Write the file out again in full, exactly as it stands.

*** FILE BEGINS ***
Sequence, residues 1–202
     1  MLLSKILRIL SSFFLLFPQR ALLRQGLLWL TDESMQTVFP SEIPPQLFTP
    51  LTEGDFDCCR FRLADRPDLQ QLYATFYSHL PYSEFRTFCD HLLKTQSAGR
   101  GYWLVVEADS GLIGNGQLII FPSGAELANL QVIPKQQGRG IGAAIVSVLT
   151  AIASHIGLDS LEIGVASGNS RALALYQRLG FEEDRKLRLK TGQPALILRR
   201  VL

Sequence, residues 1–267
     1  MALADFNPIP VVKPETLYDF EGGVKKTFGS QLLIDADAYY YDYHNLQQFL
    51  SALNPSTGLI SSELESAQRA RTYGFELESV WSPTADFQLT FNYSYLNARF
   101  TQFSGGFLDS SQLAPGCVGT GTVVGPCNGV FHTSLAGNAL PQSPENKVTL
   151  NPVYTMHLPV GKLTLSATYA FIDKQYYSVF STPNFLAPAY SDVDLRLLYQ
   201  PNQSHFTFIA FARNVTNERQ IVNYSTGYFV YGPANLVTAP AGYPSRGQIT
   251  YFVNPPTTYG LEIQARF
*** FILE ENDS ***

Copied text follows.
Sequence, residues 1–202
     1  MLLSKILRIL SSFFLLFPQR ALLRQGLLWL TDESMQTVFP SEIPPQLFTP
    51  LTEGDFDCCR FRLADRPDLQ QLYATFYSHL PYSEFRTFCD HLLKTQSAGR
   101  GYWLVVEADS GLIGNGQLII FPSGAELANL QVIPKQQGRG IGAAIVSVLT
   151  AIASHIGLDS LEIGVASGNS RALALYQRLG FEEDRKLRLK TGQPALILRR
   201  VL

Sequence, residues 1–267
     1  MALADFNPIP VVKPETLYDF EGGVKKTFGS QLLIDADAYY YDYHNLQQFL
    51  SALNPSTGLI SSELESAQRA RTYGFELESV WSPTADFQLT FNYSYLNARF
   101  TQFSGGFLDS SQLAPGCVGT GTVVGPCNGV FHTSLAGNAL PQSPENKVTL
   151  NPVYTMHLPV GKLTLSATYA FIDKQYYSVF STPNFLAPAY SDVDLRLLYQ
   201  PNQSHFTFIA FARNVTNERQ IVNYSTGYFV YGPANLVTAP AGYPSRGQIT
   251  YFVNPPTTYG LEIQARF